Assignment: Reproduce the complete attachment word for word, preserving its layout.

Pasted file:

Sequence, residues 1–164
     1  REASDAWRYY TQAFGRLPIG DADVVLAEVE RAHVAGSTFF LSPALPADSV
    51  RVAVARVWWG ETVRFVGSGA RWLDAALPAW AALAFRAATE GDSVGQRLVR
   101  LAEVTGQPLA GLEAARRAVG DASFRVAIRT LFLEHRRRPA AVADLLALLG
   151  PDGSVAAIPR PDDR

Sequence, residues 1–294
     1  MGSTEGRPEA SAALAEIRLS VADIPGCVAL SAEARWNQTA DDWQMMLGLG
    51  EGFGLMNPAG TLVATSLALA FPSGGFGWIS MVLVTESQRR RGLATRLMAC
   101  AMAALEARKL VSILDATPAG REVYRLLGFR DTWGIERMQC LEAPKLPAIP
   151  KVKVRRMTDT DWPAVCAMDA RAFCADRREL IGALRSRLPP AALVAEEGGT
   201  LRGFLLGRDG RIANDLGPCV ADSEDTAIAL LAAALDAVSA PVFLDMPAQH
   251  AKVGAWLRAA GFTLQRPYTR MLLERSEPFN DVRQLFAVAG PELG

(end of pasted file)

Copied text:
Sequence, residues 1–164
     1  REASDAWRYY TQAFGRLPIG DADVVLAEVE RAHVAGSTFF LSPALPADSV
    51  RVAVARVWWG ETVRFVGSGA RWLDAALPAW AALAFRAATE GDSVGQRLVR
   101  LAEVTGQPLA GLEAARRAVG DASFRVAIRT LFLEHRRRPA AVADLLALLG
   151  PDGSVAAIPR PDDR

Sequence, residues 1–294
     1  MGSTEGRPEA SAALAEIRLS VADIPGCVAL SAEARWNQTA DDWQMMLGLG
    51  EGFGLMNPAG TLVATSLALA FPSGGFGWIS MVLVTESQRR RGLATRLMAC
   101  AMAALEARKL VSILDATPAG REVYRLLGFR DTWGIERMQC LEAPKLPAIP
   151  KVKVRRMTDT DWPAVCAMDA RAFCADRREL IGALRSRLPP AALVAEEGGT
   201  LRGFLLGRDG RIANDLGPCV ADSEDTAIAL LAAALDAVSA PVFLDMPAQH
   251  AKVGAWLRAA GFTLQRPYTR MLLERSEPFN DVRQLFAVAG PELG